I’d say aerospace is the pinnacle of interdisciplinary engineering
For as long as I can remember, I’ve always been drawn to anything that’s getting off the ground and going on a journey to another country or planet. Whilst this started as a childhood fascination, I soon realised that I could actually learn about how these awesome machines worked.
Given my enjoyment of technical skills, Aerospace Engineering at Sheffield was the course which fully encompassed what I wanted to learn about.
I’d say aerospace is the pinnacle of interdisciplinary engineering. It combines such a broad range of engineering topics, from the electrics that control a plane to the way a rocket engine produces thrust to get into orbit. This presents a challenging but rewarding blend of course subjects, ranging from advanced mathematics to material fundamentals.
For me, it was the materials that aircraft were made out of that captured my attention the most and as I progressed through the degree I decided that this was the area I wanted to specialise in. Sheffield has a very rich materials history, ranging from the steel age through to the Advanced Manufacturing Research Centre (AMRC) who are working on advanced new composites with companies such as Maclaren and Boeing. This heritage has given me access to world-class knowledge.
The most powerful thing the course has given me is the confidence to learn new skills – be it a technical concept or how to present – and apply them to any situation or context.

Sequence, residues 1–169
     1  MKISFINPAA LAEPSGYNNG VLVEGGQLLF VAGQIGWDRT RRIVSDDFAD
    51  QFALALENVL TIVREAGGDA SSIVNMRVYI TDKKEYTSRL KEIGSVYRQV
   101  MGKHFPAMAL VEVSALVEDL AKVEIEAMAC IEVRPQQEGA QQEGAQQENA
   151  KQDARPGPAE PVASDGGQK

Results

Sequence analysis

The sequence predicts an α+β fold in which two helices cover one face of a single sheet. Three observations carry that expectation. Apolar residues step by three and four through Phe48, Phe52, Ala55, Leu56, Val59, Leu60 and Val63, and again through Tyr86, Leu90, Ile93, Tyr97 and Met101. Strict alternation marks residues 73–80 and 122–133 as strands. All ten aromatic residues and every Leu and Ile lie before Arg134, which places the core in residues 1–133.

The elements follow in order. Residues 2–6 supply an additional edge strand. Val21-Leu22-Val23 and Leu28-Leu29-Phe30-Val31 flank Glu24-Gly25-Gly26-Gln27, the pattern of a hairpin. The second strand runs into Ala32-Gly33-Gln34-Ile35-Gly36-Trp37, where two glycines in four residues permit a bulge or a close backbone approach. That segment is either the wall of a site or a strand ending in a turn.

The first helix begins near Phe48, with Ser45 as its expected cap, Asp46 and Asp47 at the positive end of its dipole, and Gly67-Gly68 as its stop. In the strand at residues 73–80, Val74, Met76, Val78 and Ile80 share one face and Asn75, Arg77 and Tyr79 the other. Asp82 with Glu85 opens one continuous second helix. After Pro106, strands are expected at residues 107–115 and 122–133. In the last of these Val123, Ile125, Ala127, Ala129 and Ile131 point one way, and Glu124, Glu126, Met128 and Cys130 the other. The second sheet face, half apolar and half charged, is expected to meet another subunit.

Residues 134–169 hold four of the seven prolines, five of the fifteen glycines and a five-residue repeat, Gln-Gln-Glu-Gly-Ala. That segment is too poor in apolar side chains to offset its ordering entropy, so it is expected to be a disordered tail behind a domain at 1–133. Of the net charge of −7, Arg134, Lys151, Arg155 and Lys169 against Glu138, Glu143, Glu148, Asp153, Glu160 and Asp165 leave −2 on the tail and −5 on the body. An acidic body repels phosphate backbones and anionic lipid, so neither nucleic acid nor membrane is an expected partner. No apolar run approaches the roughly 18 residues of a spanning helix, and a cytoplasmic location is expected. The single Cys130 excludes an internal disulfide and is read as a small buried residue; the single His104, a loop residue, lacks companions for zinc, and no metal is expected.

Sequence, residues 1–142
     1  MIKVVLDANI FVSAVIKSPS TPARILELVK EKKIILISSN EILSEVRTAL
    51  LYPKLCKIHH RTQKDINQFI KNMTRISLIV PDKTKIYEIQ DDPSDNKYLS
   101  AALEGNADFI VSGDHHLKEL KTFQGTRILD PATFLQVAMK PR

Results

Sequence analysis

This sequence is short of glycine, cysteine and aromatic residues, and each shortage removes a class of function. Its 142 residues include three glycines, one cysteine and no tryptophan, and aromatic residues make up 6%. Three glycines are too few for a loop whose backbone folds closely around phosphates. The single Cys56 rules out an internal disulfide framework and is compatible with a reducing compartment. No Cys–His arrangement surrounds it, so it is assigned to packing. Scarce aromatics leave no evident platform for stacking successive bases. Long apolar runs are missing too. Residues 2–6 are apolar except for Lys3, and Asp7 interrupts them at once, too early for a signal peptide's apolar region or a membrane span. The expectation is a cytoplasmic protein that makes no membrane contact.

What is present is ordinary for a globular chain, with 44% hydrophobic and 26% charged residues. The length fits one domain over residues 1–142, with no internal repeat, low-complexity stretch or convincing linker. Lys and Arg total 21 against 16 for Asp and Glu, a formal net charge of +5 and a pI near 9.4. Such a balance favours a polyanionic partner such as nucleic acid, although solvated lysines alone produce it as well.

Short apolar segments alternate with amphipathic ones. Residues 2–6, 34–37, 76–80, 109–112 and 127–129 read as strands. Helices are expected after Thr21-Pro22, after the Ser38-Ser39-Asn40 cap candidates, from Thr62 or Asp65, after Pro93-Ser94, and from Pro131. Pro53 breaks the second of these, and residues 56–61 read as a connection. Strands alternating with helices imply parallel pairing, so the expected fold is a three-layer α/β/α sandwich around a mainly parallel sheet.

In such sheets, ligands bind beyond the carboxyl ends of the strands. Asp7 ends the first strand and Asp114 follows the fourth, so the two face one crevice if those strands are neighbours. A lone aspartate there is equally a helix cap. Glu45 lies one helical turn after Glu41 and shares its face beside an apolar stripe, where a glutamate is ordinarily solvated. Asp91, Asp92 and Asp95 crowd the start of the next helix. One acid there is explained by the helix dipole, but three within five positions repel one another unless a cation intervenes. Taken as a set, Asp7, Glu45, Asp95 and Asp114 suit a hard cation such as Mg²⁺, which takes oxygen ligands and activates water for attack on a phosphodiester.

BEng Aerospace Engineering with a Year in Industry
My favourite part of the course so far has definitely been my year in industry. I worked at the AMRC Composites Centre, undertaking research on the use of microwaves for curing (cooking) composite materials.
Working in an environment where everyone was so knowledgeable and passionate about composite materials gave me a really invaluable grounding in the field and has shown me the very important business activities of an engineering company.
My time there helped me to realise that the most powerful thing the course has given me is the confidence to learn new skills – be it a technical concept or how to present – and apply them to any situation or context.
I see myself as really fortunate to be graduating at such a promising time, as Space 2.0 really begins to gather momentum.
I’m going to follow my passion for materials and undertake a PhD in advanced composites, with the intention to then enter into the space industry working on space materials. The support to develop my own final year project has led me to developing a deployable space structure.
The research I’ve been able to undertake has prepared me for what is to come in my PhD. The option to specialise in materials on my course has provided me with a broad range of knowledge that I will use for a long time in the future.
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